Novel Therapeutic & Diagnostic Applications of Ultrasound
Having been traditionally perceived as a diagnostic modality, ultrasound is rapidly emerging as a most promising tool for non-invasive therapy and drug delivery. Low- and high-amplitude, focussed and unfocussed ultrasound fields in the frequency range 20kHz-9MHz propagating through tissue have been recently reported to produce a wide array of potentially beneficial bioeffects. Such phenomena include rapid and localized tissue heating, the dissolution of blood clots (thrombolysis), vascular occlusion (acoustic haemostasis), the locally enhanced and time-released activity of drugs (sonodynamic therapy), increased and reversible permeability of cell membrane and skin to large molecules (sonoporation and sonophoresis) and the reversible opening of the blood-brain barrier. In many of these therapeutic scenarios, diagnostic ultrasound provides unique opportunities for quantitative, real-time treatment monitoring, giving rise to challenges never encountered by traditional ultrasonography.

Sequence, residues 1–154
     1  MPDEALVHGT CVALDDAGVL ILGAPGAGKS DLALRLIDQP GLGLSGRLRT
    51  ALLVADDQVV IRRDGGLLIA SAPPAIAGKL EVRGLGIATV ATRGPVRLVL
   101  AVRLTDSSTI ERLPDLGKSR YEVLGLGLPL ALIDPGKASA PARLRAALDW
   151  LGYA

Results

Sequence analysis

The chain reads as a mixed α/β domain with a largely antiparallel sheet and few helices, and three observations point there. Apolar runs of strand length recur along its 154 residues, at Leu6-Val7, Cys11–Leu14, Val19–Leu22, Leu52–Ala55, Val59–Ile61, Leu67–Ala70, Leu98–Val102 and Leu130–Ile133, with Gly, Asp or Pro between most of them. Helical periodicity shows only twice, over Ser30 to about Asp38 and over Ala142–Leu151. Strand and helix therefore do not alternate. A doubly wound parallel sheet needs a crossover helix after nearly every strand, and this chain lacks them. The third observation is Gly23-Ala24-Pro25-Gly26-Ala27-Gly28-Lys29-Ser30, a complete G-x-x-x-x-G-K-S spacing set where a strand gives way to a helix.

BUBL researchers strive to understand, optimize and harness the mechanisms by which acoustic waves interact with tissue and other biological materials to achieve particular therapeutic effects. The Laboratory is home to state-of-the-art calibration and characterization facilities for both diagnostic and therapeutic ultrasound. Currently available expertise ranges from techniques for active and passive cavitation monitoring and control for a variety of applications, including High-Intensity Focussed Ultrasound (HIFU), to the development of cavitation-based techniques for targeted drug delivery. Novel high-frequency acoustic microscopy techniques are also being developed for cell and drug particle characterization, whilst ultrasound standing waves and acoustic resonators are being utilized for particle separation and acoustic filtration. Finally, a novel, patented device for keeping an organ alive outside the body in a viable and active metabolic, synthetic and haemodynamic state has been developed in collaboration with the research group of Prof PJ Friend in the Oxford Nuffield Department of Surgery. This liver perfusion device is being used extensively for the testing and optimization of novel therapeutic ultrasound therapies.